Number of hard red spring wheat growers has not increased, but the acreage under spring wheat has gone up. For example Mark Bolt increased area under wheat from 70 acres last year to 130 acres this year. Another producer increase wheat acreage by ~70 %. Helios wheat has the largest acres (200) with a single grower. Two of our producers have grown Helios first time in Thunder Bay with advance contract which is likely to fetch them a farm gate price of $255-260/MT. Helios has high grain yield and resistance to prevalent races of stem rust and loose smut, and intermediate resistance to common bunt and Fusarium head blight. Sable and Kane are the two other spring wheat varieties to be found in the area.
Area under corn and soybean has gone down, because of late and cold spring; these reduced acres have gone mostly to barley. Three of our member farmers, including John Hanna, have used ESN for spring crops for the first time! Two of our producers (Fritz Jaspers and Mark Bolt) used VRT was used for nutrients application for the first time. Our farmers continue to apply S, Zn and B in addition to NPK fertilizers. We wish a bountiful harvest for our hard working and enterprising producers!
Advertising with TBFA|
If your business and its customers are associated with the agriculture industry, consider advertising with TBFA! Rates are as follows:
Directory Ad- Farms which are members of TBFA pay only a single one-time fee to have their products and information listed on Directory page. Easy reference for our site viewers! ($20)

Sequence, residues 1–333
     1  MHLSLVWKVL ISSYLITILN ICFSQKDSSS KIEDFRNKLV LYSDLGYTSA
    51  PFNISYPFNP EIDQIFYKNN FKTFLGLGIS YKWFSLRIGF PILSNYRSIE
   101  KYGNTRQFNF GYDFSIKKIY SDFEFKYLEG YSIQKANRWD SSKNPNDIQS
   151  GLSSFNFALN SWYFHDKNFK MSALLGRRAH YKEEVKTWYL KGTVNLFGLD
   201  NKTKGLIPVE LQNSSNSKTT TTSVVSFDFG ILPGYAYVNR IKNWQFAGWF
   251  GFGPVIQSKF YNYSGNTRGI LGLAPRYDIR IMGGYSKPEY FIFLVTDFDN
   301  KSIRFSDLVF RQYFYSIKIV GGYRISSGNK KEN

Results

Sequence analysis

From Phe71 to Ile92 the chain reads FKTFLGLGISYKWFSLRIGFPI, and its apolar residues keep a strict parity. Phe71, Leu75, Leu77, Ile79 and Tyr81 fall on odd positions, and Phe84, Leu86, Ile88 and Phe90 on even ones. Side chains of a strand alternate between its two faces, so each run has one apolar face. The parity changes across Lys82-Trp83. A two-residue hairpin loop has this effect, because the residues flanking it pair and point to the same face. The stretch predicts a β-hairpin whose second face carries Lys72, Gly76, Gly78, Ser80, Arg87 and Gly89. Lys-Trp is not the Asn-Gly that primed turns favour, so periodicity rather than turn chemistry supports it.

Business Ad- Send on your business card & information for posting on the Home page, direct & accessible to our site viewers! ($100/year)
Please request our web page ad form to advertise with us, or contact Brenda at email@example.com
Funding for this project was provided in part by Agriculture and Agri-Food Canada through the
Agricultural Adaptation Council’s CanAdvance Program, Farm Credit Canada, Food Security Research Network and the Ontario Federation of Agriculture.
Passport to Safety: Is a national safety test, certification and transcript program for workers. The Passport verifies a basic level of workplace health and safety knowledge to help workers become smarter and safer around the places they work.|
Passport to Safety is currently offering a Passport to Farm Safety Course. Click
here for more info!
|Agriculture Economic Impact Study|
Click here to read more
Canadians Unite Through Agriculture|
Proud of agriculture? This Canadian website sheds light on the great stories across the country that Canadians choose to share on their experiences in this great industry! Visit www.agriculturemorethanever.ca
Thunder Bay Federation of Agriculture updates this website four times per year. Information for our next update should be in by September 8th, with our next update posted in the second week of September. If you would like to advertise in our business directory or our events calendar, contact firstname.lastname@example.org
|Teaching Resources |
Have questions about agriculture? want to get the real facts about farming? Check out the resources available through Ontario Agri-Food Education Inc. website. www.oafe.org
The Thunder Bay Dairy Educator is available to teachers for presentations on dairy farming and dairy goodness. Contact your Thunder Bay Dairy Educator today for your FREE visit! Trudy Reid-935-3224 or email@example.com
Co-operative learning students and farm hands
Co-operative learning students and farm hands are always needed in the area. If you are interested in such an opportunity, please call Peter Aalbers at 939-1644 or e-mail him at firstname.lastname@example.org.